Suppling is overlooked and under developed
by most riders. It starts on the ground and transitions to riding.
If your horse is difficult to "correct" while you are
mounted, dismount and "soften" the area of focus. You
are safer on the ground than the risk of falling from the horse
or running into an obsticle. If you are not sure, get help. We
usually supple one or maybe two parts and get lazy, in a hurry,
forget or ignore the other areas. We can group the body into
5 areas of control: (1) head and neck (2) poll (3) shoulders
(4) ribs (5) hips. Once we have complete control of these five
parts we will have control of the horses feet. Who ever controls
the feet, controls the mind. If the horse feels like butter between
your legs and in your hands, he is supple.
The mouth is a "signal station"
receiving and sending signals. It will be soft and relaxed if
you and your hands are soft and relaxed.
The reins send signals and control the head, neck and 50% of
the feet. Your feet and legs control the barrel and hips of the
horse and the other 50% of the horses feet.
We want our horse to be soft, supple, responsive and relaxed
so, our task is to learn how to prepare each part of the horse.
Lateral flexion is the key to vertical flexion and the most common
error made while working on this is loss of forward momentum
and poor rider release. The release by the rider for any try
by the horse is key to softness. Remember the all or nothing
concept? It is almost like a game between the horse and you.
Who can release the quickest? You can feel it coming through
the reins, so beat him to it.
Resistance increases as speed increases. So speed is what we
slowly build towards. Take everything slowly and give the horse
time to figure out the correct response. Once he begins to get
the idea, your horse is on his way to success. How long do you
think it will take for it to become a habit for the horse? Well,
how long did it take you to learn how to perform long division?
You can figure that it will take 4-6 months for it to become
a habit for the horse, if you are consistant. Time is overlooked
because we are impatient and assume that if the horse does it
once that they have it forever. Wrong! Our consistancy and feel
are another key that we get lazy about. We have a tendency to
get lazy about consistency and don't pay attention to feel.
Your suppling routine must be done everytime you ride your horse.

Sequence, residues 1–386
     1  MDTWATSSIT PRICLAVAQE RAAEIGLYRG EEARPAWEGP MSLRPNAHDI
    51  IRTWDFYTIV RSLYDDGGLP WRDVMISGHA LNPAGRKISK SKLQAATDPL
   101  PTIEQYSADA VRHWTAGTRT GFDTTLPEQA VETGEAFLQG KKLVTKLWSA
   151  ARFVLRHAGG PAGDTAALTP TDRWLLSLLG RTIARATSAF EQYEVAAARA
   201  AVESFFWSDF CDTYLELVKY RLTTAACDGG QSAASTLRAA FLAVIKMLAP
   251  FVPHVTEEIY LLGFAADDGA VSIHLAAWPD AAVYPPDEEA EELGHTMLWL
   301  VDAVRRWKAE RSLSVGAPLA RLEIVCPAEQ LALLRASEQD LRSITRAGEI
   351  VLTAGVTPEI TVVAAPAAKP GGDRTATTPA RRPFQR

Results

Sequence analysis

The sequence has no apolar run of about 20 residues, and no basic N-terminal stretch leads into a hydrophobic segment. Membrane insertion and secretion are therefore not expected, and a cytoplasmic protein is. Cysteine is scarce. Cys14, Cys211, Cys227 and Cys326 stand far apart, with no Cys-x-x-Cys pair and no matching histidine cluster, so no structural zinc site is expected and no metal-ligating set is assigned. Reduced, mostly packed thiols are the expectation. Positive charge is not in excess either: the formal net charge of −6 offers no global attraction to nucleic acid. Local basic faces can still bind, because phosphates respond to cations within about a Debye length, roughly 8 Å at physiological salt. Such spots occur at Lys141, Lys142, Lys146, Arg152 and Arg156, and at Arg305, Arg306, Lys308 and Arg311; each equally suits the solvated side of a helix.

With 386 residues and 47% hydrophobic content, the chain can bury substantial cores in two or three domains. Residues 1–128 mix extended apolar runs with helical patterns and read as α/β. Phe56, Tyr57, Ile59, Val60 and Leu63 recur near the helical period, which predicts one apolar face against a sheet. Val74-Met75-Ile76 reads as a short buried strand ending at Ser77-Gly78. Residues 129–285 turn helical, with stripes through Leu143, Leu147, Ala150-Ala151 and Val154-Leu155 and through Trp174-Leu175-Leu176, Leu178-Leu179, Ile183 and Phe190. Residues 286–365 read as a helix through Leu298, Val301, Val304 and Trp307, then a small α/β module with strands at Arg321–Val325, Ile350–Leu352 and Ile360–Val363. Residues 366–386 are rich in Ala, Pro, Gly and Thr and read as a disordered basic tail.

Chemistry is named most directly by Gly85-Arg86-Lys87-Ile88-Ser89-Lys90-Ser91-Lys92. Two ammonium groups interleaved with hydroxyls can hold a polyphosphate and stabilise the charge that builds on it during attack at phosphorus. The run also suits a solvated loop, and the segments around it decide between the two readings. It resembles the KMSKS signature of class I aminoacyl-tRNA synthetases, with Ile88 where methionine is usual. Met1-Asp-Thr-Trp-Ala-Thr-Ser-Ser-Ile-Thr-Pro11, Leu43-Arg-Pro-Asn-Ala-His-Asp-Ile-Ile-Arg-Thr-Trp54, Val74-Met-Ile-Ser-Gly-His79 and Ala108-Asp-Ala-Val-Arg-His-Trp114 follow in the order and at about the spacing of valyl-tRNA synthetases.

As you practice this, it becomes a habit for you and your horse
and takes less time. All you are doing is testing for any "hard
spots" to soften. If there are none, it may take only a
few moments. If you find a hard spot, "fix it immediately,"
because it will grow, take longer and become more difficult to
correct. Your ability to "feel" the little hard spot
will become more acute, detected sooner and "fixed"
more easily. Try thinking, "first things first."
The suppling process is ongoing and must be addressed anywhere
and anytime the horse shows a "hard spot." The first
correction, "fix," might present itself when you go
to the stall to catch your horse and he turns and puts his head
in the corner. What do you do? Fix it or "just get by"
and not corrrect the problem. If you don't fix it here, you are
sending the message the horse is in control and he will not respect
you. Use your head to cause him to respect you. Put him to work
right then and there. This does not mean to get mad and whip
him, just make him move around and work. Remember, he wants to
be comfortable. How comfortable is he if he is working by moving
around until "you" let him stop? That's the beginning
of a good ride. If you address that problem "everytime"
it presents itself, it will appear less and less. You have created
the good habit, of him facing you when you go to the stall to
catch him. Making him work, if he won't face you, sends a message
to him that it is easier to face you so he won't have to work
first. Remember, a horse is a creature of habit and wants to
be comfortable. You are teaching him to respect you.